Computer Crime Research Center


Alleged hacker is Microsoft insider

Date: July 13, 2004
Source: Computer Crime Research Center
By: Dmitri Kramarenko

A man charged with hacking into search system company AltaVista's computer networks about two years ago is now employed by Microsoft Corp, reportedly working on search technology.

Laurent Chavet, 29, was detained by FBI a week ago in Redmond, Washington, acting on a warrant issued in San Francisco.

Federal prosecutors allege that Chavet hacked into AltaVista's computer system to obtain software blueprints called source code and recklessly caused damage to AltaVista's computers.

Microsoft spokeswoman Tami Begasse said today that Chavet, who lives in Kirkland, a suburb of Seattle on the UD west coast, was an employee of Microsoft. She declined further comment on the nature of Chavet's employment or when he started at the company, citing Microsoft policy on not discussing personnel matters.

Generally speaking, Begasse said: "We're confident in our policies and procedures we have in place to protect our code and to ensure that employees do not bring third party code into the work place."

The Seattle Post-Intelligencer, citing anonymous sources, reported that Chavet had been working on Microsoft's MSN Search effort.

In a research paper on search technology published in IBM Systems Journal, Chavet is listed as a search expert who works at Microsoft and was previously with AltaVista.

In 2003, AltaVista, based in Sunnyvale, California, was acquired by search company Overture Services, Inc, which in turn was acquired by Yahoo Inc later that year. Microsoft's MSN website currently uses both Overture's and Yahoo's search technology.

But the Redmond company has begun an aggressive effort to develop its own search technology as it tries to compete with search engine leaders Google and Yahoo. Microsoft, which has acknowledged it lags in search, hopes to play catch-up with a broadbased search tool that allows users to also scour through emails, documents and even big databases.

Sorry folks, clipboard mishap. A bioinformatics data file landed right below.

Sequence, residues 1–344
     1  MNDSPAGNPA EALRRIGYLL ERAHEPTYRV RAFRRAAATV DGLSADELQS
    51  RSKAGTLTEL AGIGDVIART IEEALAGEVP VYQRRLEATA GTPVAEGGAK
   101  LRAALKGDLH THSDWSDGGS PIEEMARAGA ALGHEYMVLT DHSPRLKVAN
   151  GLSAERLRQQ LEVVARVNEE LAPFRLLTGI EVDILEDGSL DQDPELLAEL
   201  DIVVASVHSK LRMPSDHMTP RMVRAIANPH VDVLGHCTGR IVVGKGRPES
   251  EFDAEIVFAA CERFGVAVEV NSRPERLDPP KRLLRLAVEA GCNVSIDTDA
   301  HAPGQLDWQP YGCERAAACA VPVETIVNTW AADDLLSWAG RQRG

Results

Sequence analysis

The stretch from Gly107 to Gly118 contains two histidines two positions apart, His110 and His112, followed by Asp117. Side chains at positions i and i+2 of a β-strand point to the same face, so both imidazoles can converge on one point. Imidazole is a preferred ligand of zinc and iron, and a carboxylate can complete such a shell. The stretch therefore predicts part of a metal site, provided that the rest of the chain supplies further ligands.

Court documents say Chavet worked at AltaVista from approximately June 1999 to February 2002. Beginning in late March 2002, the US attorney's office alleges in court documents, Chavet began accessing AltaVista's computers without permission, causing about $US5,000 ($A7,000) in damage over a one year period.

A spokeswoman for Overture declined to comment on Chavet's case. Assistant US Attorney Chris Sonderby, who is in charge of the California unit prosecuting the case, said The Associated Press that the allegations against Chavet "do not pertain to Microsoft".

Chavet was released on a $US10,000 ($A13,900) bond and is expected to make a court appearance on July 20 in San Francisco. Both charges carry a maximum penalty of five years in prison and a $US250,000 ($A347,500) fine.

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2004-07-16 20:00:28 - True and thats why I have always been... Emily Grace
2004-07-13 11:52:24 - Thats complete bullshit. Laurent was... REVENGE
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